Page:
New York’s new concealed carry law — the Concealed Carry Improvement Act — squeaked through a federal legal challenge in New York earlier this summer, just barely, with U.S. District Court Judge Glenn Suddaby calling the law “unconstitutional.”

Dr. Robert Spitzer, distinguished service professor emeritus of political science at the State University of New York, College at Cortland, agrees with Suddaby that the new law has some substantial problems.

“I think there are some elements that open the door to some discretion that’s too great. The definition of 'good moral character' is certainly one area,” explained Spitzer, author of The Gun Dilemma. “The other area…is the idea that applicants need to submit social media information going back three years.”

Under the new law, people applying for a concealed carry permit are required to submit their social media to law enforcement for review.

Spitzer told Capital Tonight that this provision is dubious for a couple of reasons: Not only does he believe there is a question about its constitutionality, but there is also a practical question, he says, about how law enforcement will go about scouring applicants’ social media accounts.

“Social media is used frequently now. It’s used in employment, background checks, it’s used for college admissions. So, the idea is not without precedent by any means, but there are still a number of problems that will need to be ironed out, and I’m sure the attorney general’s office is anticipating more litigation,” he said.

Meanwhile, according to the Associated Press, sheriffs haven’t received additional money or staffing to handle a new application process.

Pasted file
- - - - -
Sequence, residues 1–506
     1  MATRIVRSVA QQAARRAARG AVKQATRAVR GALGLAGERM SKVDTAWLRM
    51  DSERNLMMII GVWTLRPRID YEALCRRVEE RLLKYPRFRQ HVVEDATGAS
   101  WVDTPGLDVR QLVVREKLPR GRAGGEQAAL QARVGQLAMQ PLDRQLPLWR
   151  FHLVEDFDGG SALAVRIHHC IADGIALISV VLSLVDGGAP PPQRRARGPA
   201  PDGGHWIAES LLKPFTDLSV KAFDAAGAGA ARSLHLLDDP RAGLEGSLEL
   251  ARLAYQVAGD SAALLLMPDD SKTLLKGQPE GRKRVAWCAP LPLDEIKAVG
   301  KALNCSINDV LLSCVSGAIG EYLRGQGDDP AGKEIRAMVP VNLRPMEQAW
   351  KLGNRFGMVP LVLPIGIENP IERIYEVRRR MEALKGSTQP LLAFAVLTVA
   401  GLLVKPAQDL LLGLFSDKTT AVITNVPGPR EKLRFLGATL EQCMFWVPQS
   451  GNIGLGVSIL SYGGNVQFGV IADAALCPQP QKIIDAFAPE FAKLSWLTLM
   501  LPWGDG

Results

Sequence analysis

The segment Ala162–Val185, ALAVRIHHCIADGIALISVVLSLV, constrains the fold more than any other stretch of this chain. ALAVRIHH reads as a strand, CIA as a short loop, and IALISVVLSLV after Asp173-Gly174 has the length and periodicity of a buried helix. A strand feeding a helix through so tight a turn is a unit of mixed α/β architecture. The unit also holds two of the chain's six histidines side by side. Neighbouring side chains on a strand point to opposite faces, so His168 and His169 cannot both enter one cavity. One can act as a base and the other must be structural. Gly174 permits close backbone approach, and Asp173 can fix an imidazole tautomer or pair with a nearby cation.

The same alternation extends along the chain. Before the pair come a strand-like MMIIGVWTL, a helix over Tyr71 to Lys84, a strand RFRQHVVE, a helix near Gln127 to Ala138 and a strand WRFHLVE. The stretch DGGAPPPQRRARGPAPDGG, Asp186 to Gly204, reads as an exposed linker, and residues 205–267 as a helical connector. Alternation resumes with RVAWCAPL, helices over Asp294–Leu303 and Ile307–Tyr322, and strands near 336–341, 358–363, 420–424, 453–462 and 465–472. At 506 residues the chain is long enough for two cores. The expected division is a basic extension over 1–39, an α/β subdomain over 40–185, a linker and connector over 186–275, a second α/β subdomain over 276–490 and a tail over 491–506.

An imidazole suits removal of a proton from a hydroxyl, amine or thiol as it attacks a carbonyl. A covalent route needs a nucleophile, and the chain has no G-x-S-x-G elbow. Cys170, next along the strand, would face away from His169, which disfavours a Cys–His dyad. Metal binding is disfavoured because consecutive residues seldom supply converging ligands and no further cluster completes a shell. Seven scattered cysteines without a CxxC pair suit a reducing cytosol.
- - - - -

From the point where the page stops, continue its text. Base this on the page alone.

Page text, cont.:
Peter Kehoe, the executive director of the New York Sheriffs’ Association, told the AP the new law infringes on Second Amendment rights, and while applicants must list their social media accounts, he doesn’t think local officials will necessarily look at them.

The legislature enacted the Concealed Carry Improvement Act after the Supreme Court’s decision in Bruen as well as after two mass murders – one at Tops supermarket in Buffalo and one in Uvalde, Texas.

On Thursday, a Buffalo News columnist wrote that he is not convinced that this law, if it had been in place prior to the shooting at Tops, would it have prevented the tragedy.

Here’s what columnist Rod Watson wrote:

So now you know: If only New York’s new gun laws had been in effect on May 14, there would have been no massacre at the Jefferson Avenue Tops. Why not? Because it would have been illegal for the shooter to buy his firearm or to take it to a “restricted location” like the supermarket, and that surely would have stopped him.

At least that’s what Gov. Kathy Hochul would have us believe, based on her news conference last week when she cited the Buffalo murders in trying to justify the new restrictions that a federal judge – while allowing them on procedural grounds – has called unconstitutional.

Capital Tonight asked Spitzer about that logic.

“As to the question of whether the Tops shooting would have been prevented, the true answer is that we really don’t know,” said Spitzer. “However, the shooter did indicate that, through prior communications, that he was planning to do something bad. And he did wait until he was 18 to buy the gun in question, although he modified it in an illegal way.”

Spitzer takes issue with the broader argument that criminals don’t care about the law, calling that logic meaningless.

“In other areas of law, the general response is, ‘well, if the law isn’t working well enough, let’s toughen the law.’ It’s the odd upside-down world of gun politics where people say, ‘the law doesn’t matter,’ and if it didn’t catch a certain criminal then it shows the law is meaningless,” said Spitzer. “And we don’t say that in other areas.”

Regarding the future of New York’s new Concealed Carry Improvement Act, it’s uncertain. Spitzer predicts that the Supreme Court will be inundated with gun cases from all over the country.

“Above everything else, the Bruen case was a green light to bring new challenges to new sorts of gun laws,” Spitzer explained. “New York’s would certainly be among them, but there will be a great many. There’s going to be some kind of winnowing.”

Spitzer said the law’s future may not be determined for years.